The first new event is known as Revocation Due to Reduction in Hours of Service, and it applies when an employee is expected to average less than 30 hours of service per week due to a reduction in hours, yet eligibility for coverage under the employers group health plan is not affected. In this case, the employee may revoke their election even if they continue to be eligible for group health coverage (such as when a look-back measurement period is being utilized), and enroll in another plan that provides minimum essential coverage (MEC). For this event, employers may rely on a representation from the employee that they have enrolled or intend to enroll in new coverage. The employee does not actually have to provide proof of enrollment to drop coverage.
Previously there was no qualifying event unless eligibility for coverage under the plan was affected, and there was no specific hour requirement for triggering this qualifying event ? it all depended on whether the plan document included an hours requirement for eligibility. This new qualifying event allows the employee to revoke coverage for themselves and their covered beneficiaries and enroll in another plan even a plan offered by the same employer ? as long as the plan they are enrolling in provides MEC and the new coverage is effective no later than the first day of the second month following the date coverage was revoked. This new qualifying event may be especially useful for employers who offer MEC coverage to part-time employees (those working fewer than 30 hours of service a week), even if that coverage is not affordable and does not meet minimum value. In this case, an employee whose hours drop below 30 hours of service per week may choose to revoke coverage in the minimum value affordable coverage and voluntarily move to the MEC coverage offered by that employer (or available elsewhere).
The second new qualifying event is known as Revocation Due to Enrollment in a Qualified Health Plan, and it applies when an employee has experienced a midyear special enrollment event such as marriage, birth or adoption, making them eligible to enroll in a qualified health plan (QHP) available in a state health insurance exchange. It also applies during the exchanges annual open enrollment period, which may be especially useful to employers sponsoring non-calendar-year plans. Under this qualifying event, the employee may revoke their election under the group health coverage as long as they enroll, or intend to enroll, in a QHP. Again, employers may rely on a representation from the employee. The employee does not actually have to provide proof of enrollment to drop coverage.
Previously there was no qualifying event allowing a Section 125 plan to recognize special enrollment periods in a QHP offered through the exchange, nor could an employee enroll in a QHP during the exchange open enrollment and drop coverage through an employer-sponsored plan if that employer sponsored a non-calendar-year plan. This resulted in periods of duplicate coverage or a period of no coverage when 1) employees experienced special enrollment periods and enrolled in exchange coverage midyear, as they were unable to drop employer-sponsored coverage being paid for on a pretax basis, or 2) employees participating in non-calendar-year plans were perpetually ?locked into their employer-sponsored coverage, since the exchange does not recognize an employer’s non-calendar-year open enrollment as a special enrollment period, allowing midyear enrollment in the exchange. This new qualifying event resolves this issue by allowing employees to revoke coverage for themselves and their covered beneficiaries in order to obtain coverage through the exchange following a special enrollment opportunity or during the exchanges annual open enrollment period. Coverage provided under the QHP must be effective no later than the day immediately following the day original coverage was revoked.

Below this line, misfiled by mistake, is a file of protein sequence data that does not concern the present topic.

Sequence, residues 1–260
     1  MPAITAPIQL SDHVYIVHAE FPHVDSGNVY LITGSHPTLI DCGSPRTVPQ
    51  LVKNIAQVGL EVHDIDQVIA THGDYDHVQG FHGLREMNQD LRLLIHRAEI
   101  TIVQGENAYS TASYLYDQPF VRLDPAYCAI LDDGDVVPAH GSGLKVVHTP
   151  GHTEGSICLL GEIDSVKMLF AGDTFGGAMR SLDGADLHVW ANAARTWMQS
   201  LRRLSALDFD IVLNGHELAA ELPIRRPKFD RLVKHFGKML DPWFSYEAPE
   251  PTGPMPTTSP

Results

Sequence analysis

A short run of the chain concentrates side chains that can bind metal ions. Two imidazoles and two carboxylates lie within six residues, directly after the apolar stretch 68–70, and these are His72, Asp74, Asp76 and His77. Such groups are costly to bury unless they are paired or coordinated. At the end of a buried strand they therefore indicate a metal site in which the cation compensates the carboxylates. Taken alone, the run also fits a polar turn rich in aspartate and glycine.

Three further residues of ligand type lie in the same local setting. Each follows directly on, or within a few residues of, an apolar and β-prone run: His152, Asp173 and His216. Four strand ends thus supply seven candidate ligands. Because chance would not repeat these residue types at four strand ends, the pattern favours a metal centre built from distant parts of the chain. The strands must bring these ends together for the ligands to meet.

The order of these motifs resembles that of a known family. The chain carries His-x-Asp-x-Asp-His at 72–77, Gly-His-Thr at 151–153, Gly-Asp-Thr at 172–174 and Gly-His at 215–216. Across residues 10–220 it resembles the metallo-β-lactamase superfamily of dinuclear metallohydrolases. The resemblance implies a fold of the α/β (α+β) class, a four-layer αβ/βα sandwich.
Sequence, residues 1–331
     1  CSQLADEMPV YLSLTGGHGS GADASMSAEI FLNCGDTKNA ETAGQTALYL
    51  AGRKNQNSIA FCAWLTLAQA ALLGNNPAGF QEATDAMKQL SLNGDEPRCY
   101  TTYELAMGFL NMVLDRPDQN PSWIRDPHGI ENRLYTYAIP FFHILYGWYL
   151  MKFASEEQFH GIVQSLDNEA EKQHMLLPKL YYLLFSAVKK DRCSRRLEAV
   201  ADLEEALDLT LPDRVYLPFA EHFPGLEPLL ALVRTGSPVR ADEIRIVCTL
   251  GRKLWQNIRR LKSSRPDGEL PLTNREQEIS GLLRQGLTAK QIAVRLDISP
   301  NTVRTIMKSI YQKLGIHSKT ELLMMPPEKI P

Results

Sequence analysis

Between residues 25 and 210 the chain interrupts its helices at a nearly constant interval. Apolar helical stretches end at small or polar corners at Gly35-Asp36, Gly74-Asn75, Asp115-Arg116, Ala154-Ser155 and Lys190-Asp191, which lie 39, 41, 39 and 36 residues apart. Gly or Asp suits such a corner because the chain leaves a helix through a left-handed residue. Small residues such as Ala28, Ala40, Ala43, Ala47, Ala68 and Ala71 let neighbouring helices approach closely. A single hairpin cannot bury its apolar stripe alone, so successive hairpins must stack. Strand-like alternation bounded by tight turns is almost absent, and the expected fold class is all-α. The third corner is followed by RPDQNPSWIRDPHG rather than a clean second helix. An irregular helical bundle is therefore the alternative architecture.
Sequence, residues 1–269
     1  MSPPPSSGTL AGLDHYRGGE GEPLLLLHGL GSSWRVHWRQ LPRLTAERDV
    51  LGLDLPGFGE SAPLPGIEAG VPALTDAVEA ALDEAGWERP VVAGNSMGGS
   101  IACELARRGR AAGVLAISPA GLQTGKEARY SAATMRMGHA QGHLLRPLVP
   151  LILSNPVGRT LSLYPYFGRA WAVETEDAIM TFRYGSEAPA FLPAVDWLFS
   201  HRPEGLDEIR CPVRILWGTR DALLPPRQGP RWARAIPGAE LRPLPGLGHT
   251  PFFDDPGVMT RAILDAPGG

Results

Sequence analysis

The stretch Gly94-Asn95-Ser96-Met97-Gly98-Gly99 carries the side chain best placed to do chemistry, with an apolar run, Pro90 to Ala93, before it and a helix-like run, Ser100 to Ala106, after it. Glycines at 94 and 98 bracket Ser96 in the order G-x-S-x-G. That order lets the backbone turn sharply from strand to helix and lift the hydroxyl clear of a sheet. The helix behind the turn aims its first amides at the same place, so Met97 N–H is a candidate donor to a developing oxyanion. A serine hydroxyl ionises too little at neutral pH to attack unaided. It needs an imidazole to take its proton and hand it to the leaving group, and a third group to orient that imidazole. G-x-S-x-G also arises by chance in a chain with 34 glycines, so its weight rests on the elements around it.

Each of these events allows employees to revoke coverage midyear under an employer?s group health plan, but does not allow employees to revoke their health flexible spending account (health FSA) elections. Further, these events only apply when an employee is paying for coverage on a pretax basis. While the notice may be relied upon immediately, employers wishing to allow these two permitted election changes must amend their cafeteria plans to include them. The IRS is allowing employers to retroactively amend their plans to the first day of the plan year, as long as the amendment is adopted on or before the last day of the plan year in which the elections are allowed. Further, plan years beginning in 2014 may be amended any time on or before the last day of the plan year that begins in 2015. However, in no event should an employees request to revoke coverage retroactively be allowed.
Source: Compliance Corner by NFP for CGI Business Solutions